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I’m at I3D 2009; tonight at the dinner Austin Robison at NVIDIA announced NVIRT, which is NVIDIA’s ray-casting engine. I say “casting” as the idea is that you feed it objects, hand it a ray generator and it gives you back the ray intersections desired. Certainly it can be used for ray traced rendering, and the constructs presented make it clear they have thought through this aspect: rays can terminate on the first intersection found (useful for shadow rays), or can return the closest intersection point (eye/reflection/refraction rays). Rays can continue on when a fully transparent object is hit. Objects can be put in any efficiency structure you wish, and structures could be contained by other structures (Jim Arvo’s metahierachies idea). For example, you could put static geometry in a k-d tree, which is highly efficient but expensive to update, while placing dynamic objects in a bounding volume hierarchy, which usually can be updated more easily (though losing efficiency over time) by growing bounds. You have control over what efficiency methods are used.

They’re thinking of this SDK in more general ray-casting terms: collision detection, AI queries, and baking illumination or other characteristics onto surfaces. I can certainly imagine uses for engineering simulation. It runs on CUDA, but hides CUDA programming from the user. By the way, the switching time between CUDA and the graphics API will someday soon be a lot less that it is now.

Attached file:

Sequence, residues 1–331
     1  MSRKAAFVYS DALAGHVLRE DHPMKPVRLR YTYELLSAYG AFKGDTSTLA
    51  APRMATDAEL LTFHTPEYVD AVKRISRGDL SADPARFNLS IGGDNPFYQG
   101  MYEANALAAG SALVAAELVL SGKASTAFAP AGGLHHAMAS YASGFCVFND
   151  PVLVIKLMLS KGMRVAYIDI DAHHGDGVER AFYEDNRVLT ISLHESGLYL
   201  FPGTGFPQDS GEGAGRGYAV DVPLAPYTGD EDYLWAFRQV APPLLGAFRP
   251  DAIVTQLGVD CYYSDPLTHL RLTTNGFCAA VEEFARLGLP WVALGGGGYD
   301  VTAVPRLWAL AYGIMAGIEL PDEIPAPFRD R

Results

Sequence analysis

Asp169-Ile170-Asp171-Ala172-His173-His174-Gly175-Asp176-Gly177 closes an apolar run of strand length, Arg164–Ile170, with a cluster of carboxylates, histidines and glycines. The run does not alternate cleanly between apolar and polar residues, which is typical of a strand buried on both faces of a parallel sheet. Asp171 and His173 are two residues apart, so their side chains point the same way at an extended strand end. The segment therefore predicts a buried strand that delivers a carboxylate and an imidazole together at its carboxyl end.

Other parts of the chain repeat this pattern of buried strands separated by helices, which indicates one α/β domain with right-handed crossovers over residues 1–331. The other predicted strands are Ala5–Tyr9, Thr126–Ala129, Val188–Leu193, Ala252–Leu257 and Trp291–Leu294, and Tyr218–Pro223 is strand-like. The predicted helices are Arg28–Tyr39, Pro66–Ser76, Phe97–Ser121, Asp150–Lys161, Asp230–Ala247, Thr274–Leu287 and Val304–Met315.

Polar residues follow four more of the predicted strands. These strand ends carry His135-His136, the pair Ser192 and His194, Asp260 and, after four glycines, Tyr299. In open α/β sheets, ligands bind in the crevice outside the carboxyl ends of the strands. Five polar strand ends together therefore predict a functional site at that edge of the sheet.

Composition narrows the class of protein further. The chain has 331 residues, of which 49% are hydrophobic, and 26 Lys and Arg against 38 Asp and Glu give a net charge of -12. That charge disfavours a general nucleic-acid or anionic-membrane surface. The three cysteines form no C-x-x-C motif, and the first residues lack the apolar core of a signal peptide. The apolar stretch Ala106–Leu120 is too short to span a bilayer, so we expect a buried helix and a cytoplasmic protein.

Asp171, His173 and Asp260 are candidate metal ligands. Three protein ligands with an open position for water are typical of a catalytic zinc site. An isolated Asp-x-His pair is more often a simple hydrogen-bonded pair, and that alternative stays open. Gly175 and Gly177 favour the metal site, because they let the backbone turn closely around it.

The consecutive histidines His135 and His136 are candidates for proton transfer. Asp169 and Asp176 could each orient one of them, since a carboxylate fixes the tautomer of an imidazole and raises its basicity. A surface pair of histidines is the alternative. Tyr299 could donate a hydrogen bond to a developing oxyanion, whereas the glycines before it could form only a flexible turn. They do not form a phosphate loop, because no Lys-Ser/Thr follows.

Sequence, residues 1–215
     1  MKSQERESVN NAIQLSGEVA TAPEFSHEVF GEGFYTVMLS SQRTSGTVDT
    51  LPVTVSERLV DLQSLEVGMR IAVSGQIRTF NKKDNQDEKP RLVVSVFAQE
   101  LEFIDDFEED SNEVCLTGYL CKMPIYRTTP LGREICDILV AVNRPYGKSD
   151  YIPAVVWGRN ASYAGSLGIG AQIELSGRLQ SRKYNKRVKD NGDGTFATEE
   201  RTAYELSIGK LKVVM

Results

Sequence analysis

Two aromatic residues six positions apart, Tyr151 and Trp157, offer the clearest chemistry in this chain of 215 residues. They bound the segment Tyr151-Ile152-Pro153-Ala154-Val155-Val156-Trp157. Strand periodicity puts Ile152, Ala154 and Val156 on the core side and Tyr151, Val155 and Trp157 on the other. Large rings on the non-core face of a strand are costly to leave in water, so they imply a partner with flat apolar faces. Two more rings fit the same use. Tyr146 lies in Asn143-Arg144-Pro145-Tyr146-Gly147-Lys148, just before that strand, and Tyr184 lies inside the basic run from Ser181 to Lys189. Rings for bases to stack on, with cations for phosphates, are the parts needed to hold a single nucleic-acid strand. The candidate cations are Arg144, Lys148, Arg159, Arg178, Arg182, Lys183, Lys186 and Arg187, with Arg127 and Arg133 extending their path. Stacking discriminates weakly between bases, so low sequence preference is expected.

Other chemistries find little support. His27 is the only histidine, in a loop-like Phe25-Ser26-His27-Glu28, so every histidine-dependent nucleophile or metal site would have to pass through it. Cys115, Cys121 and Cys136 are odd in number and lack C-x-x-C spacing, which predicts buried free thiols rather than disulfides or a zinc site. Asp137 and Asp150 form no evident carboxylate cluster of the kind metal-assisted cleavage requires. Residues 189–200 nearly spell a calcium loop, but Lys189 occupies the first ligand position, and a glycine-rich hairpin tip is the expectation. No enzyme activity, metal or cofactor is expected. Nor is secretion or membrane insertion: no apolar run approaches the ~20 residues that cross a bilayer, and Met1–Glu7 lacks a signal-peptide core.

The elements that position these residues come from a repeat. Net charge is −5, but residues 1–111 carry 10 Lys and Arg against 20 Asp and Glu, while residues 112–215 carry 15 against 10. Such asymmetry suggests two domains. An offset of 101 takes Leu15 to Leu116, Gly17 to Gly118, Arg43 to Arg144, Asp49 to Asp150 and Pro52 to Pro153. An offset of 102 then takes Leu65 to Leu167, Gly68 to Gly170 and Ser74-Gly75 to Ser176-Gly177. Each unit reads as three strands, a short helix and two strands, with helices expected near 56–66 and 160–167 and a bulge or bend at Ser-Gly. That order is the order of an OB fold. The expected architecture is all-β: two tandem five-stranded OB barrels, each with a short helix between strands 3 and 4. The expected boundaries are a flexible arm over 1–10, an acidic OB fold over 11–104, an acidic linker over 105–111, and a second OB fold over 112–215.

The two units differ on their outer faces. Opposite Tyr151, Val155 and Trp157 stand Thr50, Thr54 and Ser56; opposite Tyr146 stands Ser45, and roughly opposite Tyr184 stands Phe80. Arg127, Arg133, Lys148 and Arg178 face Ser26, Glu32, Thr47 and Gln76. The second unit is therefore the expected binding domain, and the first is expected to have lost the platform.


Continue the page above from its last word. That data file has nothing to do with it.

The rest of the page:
This SDK will be released sometime this Spring (it will also be incorporated with NVIDIA’s NVSG scene graph SDK, as a separate release). The SDK will come with lots of samples, including source fo a basic ray-tracing renderer. All in all, an interesting development. The catch is, of course, that CUDA does not run on anything but NVIDIA hardware. Nonetheless, this is a fascinating first step. Austin says this effort is a serious attempt by NVIDIA to put this sort of engine in the hands of developers, not some “let’s see if this research sticks” half-baked release. Hearing him talk about the bits of inside information their group learnt about the operation of the GPU, and the corresponding boosts in performance, makes me wonder if other GPU-based ray tracers out there will be able to get near their performance.

I have a bunch of links saved up, which I’ll dump here someday soon, as well as more about I3D 2009 (see Jeremy Schopf’s blog in the meantime). For now I’ll just mention one quick link: Morgan McGuire’s twitter blog. No, it’s not a “I’m drinking a latte and using my iPhone” twitter blog. I like the idea a lot: it’s where he simply puts any great links he’s run across, with a quick description for each. Low maintenance, minimal effort, and useful & interesting, at least to me. It’s about game design and related topics (and unrelated ones) as much as graphics. This is one of those “everyone who finds cool stuff on the internet should do this” concepts, as far as I’m concerned. Sure, there’s and similar social bookmarking sites, but a blog lets me know when there’s something new from someone I respect.